Sapphire Photo Studio, 2761 Mission Street. Photo by Lola M. Chavez

Activists who have long tried to fight gentrification by opposing market-rate development and upscale businesses are now targeting new restaurants on Mission Street.

The latest focus is a tea restaurant planned for the site of the former Sapphire Photo store at 2761 Mission St. between 23rd and 24th streets.

A frequent opponent of new developments in the Mission has filed a request with the city to delay its conversion – one of nine similar applications for conversion to restaurant use along the Mission Street corridor.

“All parties should be aware at this point that the Mission community does not wish to see any more restaurant conversions on Mission Street,” wrote Rick Hall, an activist, in the discretionary review application he filed January 5.

He added that the proposed restaurant would contribute to the “Valencia-zation” of Mission Street and exacerbate gentrification effects on Latino and working-class communities.

It’s not that he believes that all restaurants contribute to gentrification – though the organizers do worry about oversaturation of restaurants on business corridors.

Hall said in an interview that he and other activists from a group of organizations called “United to Save the Mission” have dropped their opposition to some restaurants after meeting with the owner and determining that they will not be forces of gentrification. Usually, that determination depends on how expensive the menu will be, he said.  

It’s unclear how widespread their support is and whether they can prevent any one business from going forward.

“For example, the falafel guy is going to have reasonably price[d] food. It’s a counter, you go up to the counter and order, and then you can go sit down,” he explained. “It’s not a full service restaurant with white tablecloths and hundred-dollar-a-plate sushi. It fits in for the working class that live in the neighborhood.”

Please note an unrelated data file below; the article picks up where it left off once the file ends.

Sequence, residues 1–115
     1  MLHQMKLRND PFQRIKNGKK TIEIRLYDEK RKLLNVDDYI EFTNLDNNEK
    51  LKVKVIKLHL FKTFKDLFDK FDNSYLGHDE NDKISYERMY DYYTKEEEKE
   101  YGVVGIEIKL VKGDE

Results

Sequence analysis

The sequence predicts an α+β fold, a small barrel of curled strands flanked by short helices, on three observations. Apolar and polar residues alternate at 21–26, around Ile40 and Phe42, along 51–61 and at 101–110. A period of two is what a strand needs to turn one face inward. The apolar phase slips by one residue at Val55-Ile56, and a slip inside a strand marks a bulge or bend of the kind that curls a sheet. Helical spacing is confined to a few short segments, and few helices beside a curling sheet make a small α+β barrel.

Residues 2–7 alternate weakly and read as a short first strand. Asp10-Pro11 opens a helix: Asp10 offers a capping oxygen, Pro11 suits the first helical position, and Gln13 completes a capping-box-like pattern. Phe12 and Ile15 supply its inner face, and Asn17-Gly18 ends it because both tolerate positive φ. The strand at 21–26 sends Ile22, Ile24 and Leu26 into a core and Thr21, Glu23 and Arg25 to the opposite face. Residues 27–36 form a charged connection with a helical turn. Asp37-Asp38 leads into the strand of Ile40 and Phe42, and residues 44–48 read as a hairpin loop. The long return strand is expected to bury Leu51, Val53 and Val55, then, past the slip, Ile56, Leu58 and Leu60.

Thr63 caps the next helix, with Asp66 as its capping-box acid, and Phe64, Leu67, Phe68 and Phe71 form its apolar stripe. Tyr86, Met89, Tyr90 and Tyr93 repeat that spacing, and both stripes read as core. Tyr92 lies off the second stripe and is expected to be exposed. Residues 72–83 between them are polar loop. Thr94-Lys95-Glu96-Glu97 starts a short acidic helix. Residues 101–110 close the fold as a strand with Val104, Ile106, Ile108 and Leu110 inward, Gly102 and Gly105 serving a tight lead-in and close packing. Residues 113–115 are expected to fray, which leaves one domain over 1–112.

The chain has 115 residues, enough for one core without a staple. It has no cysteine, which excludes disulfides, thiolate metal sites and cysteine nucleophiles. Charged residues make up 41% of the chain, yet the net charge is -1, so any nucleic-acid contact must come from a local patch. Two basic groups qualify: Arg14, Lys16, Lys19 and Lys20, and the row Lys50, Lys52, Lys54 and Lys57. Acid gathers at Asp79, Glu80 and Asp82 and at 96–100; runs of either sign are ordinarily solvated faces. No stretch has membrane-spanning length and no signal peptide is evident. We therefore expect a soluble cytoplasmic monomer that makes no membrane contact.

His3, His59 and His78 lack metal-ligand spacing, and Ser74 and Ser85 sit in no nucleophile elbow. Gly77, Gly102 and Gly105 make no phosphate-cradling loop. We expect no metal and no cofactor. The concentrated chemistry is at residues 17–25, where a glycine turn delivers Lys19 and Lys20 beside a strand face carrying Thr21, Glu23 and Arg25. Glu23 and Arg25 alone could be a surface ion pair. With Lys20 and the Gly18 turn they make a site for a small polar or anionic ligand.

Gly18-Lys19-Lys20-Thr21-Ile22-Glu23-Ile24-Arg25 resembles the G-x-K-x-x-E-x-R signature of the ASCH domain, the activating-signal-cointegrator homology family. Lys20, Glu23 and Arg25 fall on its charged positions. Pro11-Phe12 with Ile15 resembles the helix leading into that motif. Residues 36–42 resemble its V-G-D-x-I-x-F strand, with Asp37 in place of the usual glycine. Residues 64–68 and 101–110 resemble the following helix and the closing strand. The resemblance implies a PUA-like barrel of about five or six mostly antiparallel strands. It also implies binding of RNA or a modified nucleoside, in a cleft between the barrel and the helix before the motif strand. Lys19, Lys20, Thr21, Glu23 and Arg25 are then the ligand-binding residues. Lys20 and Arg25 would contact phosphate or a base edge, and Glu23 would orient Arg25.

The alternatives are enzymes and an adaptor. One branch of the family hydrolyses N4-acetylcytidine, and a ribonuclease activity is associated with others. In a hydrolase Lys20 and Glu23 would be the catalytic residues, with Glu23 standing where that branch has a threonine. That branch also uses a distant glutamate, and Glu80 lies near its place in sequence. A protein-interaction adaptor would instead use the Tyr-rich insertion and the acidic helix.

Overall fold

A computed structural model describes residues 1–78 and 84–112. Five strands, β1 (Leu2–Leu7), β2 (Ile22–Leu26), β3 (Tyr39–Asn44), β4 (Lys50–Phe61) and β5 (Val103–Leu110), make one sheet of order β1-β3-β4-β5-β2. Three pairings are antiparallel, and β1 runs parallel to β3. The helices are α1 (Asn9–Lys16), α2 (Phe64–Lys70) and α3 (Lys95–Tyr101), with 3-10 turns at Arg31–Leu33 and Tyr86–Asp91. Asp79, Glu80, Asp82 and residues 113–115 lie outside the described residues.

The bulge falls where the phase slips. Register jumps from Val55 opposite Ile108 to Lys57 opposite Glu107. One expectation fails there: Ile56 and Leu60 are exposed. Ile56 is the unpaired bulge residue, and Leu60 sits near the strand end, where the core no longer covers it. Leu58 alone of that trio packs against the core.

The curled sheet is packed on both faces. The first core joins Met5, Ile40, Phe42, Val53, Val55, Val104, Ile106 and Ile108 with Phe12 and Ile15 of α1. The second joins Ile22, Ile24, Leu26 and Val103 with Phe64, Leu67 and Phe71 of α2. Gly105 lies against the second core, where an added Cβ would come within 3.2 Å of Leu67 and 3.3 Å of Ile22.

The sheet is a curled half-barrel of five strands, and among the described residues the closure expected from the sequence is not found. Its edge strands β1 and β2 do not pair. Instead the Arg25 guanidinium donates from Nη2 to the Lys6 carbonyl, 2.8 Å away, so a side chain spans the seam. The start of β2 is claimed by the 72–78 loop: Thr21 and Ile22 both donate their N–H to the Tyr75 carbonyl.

With rents high, Hall said it was unclear how activists can ensure that neighborhood-serving businesses are able to move in.

“I don’t know exactly how to do it, but…throwing a little noise onto the issue like we’re doing with challenging the retail to restaurant conversions may help with that process,” Hall said.

For his part, the man applying for the restaurant conversion permit is nonchalant and a bit baffled about the opposition. Tommy Woo, a contractor who is applying for the conversion on behalf of the landlord of the building where the tea cafe is planned, said he hadn’t read the complaint but hopes to go ahead with the application process.

“Some people complain about everything,” he said. “You have to utilize [the space], otherwise it’s a waste of space.” He added that a local business also offers jobs.

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  1. Uh, no. “Techies” do not count as “Working Class”. Yes, it is true that they have jobs. “Working Class” would be more the companies they outsource for security, food, delivery to their offices, etc. My impression that it applies a little more to (physical) labor and pay grade.

    1. Working class was meant the differentiate the monied classes, who didn’t have to work, from the masses, who did. If you have an objection about pay grade, then I hope you don’t mind it applying to lawyers, accountants, nurses, doctors, all of who make more than the average salary.

      1. That is a ridiculous and wildly priveleged thing to bother writing. Everyone is very clear what working class means in a modern context. Your pretending you don’t only makes the point of the working class.

        1. Peter, not everyone is as educated as you seem to think they are. To assume every is very clear on anything is not wise. You may be educated, but you lack wisdom. If it were that clear, there wouldn’t be multile people chiming in with varied definitions.